THE STORY OF UNITED AIRLINES FLIGHT 409
When United Airlines Flight 409 took off from Denver, Colo., on the morning of October 6, 1955, the 66 people on board, including five female members of the Mormon Tabernacle Choir and a number of military personnel, had no idea that the DC-4 propliner would never make its Salt Lake City destination.
Something happened as the plane flew over the Rocky Mountain Continental Divide to make it veer to the west, and then fly at a dangerously low altitude. It’s probably safe to say that the passengers never knew any danger, and did not experience any panic prior to the plane’s crash into the face of Medicine Bow Peak in the Snowy Range Mountains of Wyoming. The crash was that sudden.
The crash was the worst air disaster in the United States at that time. Evidence of the crash can still be seen on the face of the cliff, because it left a very large black stain at the point of impact. The sun-bleached cliffs of Medicine Bow Peak are daunting enough without the black stain, because the jagged peaks have a prehistoric look.
Standing at the foot of Medicine Bow, as I did at age 19 with Zane, the father of a high school friend, I studied the face of the cliff and inspected the stain above my head that stands out like a massive birthmark. I wondered how an experienced pilot could end up flying 60 feet lower than he should have been flying so that, at the last minute, he attempted to gain altitude before slamming the plane into the face of the cliff.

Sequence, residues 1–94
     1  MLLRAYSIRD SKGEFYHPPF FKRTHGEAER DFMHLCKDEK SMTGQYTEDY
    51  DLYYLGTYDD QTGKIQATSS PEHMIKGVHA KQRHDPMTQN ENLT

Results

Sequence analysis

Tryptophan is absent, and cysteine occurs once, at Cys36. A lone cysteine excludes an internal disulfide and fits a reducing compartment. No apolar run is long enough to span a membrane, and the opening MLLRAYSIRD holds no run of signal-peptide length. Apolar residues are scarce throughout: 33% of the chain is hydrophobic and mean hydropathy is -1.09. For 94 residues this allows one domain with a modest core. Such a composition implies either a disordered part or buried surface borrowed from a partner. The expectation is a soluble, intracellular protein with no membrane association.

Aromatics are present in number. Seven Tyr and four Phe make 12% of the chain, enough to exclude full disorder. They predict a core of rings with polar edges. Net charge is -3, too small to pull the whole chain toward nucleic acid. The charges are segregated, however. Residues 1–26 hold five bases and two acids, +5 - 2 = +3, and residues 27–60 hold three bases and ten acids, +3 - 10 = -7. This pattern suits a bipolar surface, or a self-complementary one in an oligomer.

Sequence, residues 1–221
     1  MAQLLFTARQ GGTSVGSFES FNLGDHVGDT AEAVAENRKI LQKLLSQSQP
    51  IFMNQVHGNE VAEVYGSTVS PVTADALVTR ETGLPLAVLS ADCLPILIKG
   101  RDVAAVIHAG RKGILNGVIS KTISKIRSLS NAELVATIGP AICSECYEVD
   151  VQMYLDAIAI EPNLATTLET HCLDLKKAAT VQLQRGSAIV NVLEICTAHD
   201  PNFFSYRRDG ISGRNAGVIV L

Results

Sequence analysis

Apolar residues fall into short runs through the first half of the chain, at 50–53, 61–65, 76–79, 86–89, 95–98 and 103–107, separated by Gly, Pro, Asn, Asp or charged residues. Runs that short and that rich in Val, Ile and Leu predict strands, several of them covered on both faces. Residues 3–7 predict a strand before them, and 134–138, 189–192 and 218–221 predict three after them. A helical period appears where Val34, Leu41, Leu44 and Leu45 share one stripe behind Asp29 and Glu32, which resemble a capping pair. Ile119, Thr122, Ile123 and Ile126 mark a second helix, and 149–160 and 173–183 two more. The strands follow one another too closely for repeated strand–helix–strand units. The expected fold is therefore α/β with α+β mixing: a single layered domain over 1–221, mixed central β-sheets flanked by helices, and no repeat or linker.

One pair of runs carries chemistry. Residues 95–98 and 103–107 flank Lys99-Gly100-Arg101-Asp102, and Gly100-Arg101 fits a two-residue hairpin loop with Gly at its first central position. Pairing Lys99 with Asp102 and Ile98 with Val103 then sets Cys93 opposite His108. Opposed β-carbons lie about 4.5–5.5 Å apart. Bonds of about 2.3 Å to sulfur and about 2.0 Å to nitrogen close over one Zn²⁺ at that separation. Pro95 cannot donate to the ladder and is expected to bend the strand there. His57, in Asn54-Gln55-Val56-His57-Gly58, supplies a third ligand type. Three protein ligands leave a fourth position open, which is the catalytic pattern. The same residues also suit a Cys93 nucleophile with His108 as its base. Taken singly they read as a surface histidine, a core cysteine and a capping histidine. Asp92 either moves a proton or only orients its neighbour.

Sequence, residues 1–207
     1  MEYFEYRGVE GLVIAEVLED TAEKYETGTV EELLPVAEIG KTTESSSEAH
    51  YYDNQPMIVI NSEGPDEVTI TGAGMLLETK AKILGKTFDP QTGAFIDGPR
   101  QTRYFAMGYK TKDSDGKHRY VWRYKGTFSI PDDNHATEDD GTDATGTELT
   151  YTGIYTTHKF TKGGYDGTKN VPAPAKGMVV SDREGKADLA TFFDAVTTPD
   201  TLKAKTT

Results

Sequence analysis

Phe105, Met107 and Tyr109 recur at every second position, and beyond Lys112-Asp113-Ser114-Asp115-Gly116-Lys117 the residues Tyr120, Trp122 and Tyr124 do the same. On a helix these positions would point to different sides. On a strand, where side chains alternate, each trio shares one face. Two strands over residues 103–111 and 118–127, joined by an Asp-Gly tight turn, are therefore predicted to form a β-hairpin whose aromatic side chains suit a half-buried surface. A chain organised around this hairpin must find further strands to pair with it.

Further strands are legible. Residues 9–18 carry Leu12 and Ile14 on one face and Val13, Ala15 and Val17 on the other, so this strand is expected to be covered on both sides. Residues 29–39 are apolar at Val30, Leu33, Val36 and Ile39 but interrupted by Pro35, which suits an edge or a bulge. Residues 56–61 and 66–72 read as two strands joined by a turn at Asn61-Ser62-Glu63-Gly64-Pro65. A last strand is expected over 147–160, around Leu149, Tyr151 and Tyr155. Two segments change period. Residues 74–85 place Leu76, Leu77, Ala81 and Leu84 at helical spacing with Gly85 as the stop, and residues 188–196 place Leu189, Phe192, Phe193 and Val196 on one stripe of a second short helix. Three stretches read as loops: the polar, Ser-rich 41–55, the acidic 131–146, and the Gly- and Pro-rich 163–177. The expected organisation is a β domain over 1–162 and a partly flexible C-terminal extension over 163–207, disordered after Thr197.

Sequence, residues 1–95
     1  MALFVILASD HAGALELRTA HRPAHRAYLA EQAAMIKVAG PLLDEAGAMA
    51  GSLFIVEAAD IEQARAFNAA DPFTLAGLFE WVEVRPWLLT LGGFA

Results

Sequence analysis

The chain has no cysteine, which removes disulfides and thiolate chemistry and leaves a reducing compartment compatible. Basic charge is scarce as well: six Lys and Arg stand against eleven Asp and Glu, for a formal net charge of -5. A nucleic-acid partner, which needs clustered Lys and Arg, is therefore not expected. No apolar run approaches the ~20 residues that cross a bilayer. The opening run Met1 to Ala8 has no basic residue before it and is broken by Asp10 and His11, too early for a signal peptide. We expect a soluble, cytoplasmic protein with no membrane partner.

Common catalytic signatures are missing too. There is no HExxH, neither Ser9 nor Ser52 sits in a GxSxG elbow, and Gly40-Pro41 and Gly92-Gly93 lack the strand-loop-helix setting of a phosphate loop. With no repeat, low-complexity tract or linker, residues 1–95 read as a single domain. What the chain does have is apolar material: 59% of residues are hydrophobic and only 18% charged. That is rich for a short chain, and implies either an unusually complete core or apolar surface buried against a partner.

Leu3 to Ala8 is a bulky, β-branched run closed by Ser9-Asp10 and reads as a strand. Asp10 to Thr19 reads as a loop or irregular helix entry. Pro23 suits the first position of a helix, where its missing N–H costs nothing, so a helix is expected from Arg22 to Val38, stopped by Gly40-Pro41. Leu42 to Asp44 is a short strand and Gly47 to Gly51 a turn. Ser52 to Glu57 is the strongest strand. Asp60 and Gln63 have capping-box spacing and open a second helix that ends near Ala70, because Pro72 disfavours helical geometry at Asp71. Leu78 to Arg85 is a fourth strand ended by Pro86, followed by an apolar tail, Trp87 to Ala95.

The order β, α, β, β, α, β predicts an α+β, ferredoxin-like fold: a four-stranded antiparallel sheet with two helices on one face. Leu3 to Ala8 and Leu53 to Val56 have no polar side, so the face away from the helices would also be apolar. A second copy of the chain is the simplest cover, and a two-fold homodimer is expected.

Observing the point of impact in that quiet, beautiful, desolate area put Zane in a meditative mood. It was the month of September, some fourteen years after the crash. I was standing on a large boulder while Zane faced me on another boulder. I was wearing tan desert hiking boots and Zane, who had driven us here from his home in Boulder, Colo., wore a white shirt and jeans. We were at the beginning of a road trip through Utah, Nevada and Wyoming, when he decided to show me Medicine Bow.
He called Medicine Bow a place of beginnings and endings. Zane was not a religious man; in fact, he hated organized religion, and he often criticized my family’s Irish Catholic roots. In many ways, he was an atheist who didn’t want to be an atheist; he knew that life’s mysteries couldn’t always be answered by science. He liked to quote Henry Miller while driving, and he also liked to tell me stories about his life as a young ranch hand who wrote detective stories and who had multiple affairs with waitresses who worked in diners on lonely mountain roads.
Standing at the foot of Medicine Bow, his reverence seemed to rival my grandparents’ attitude when I would see them kneeling in church. The man of many words had been reduced to silence.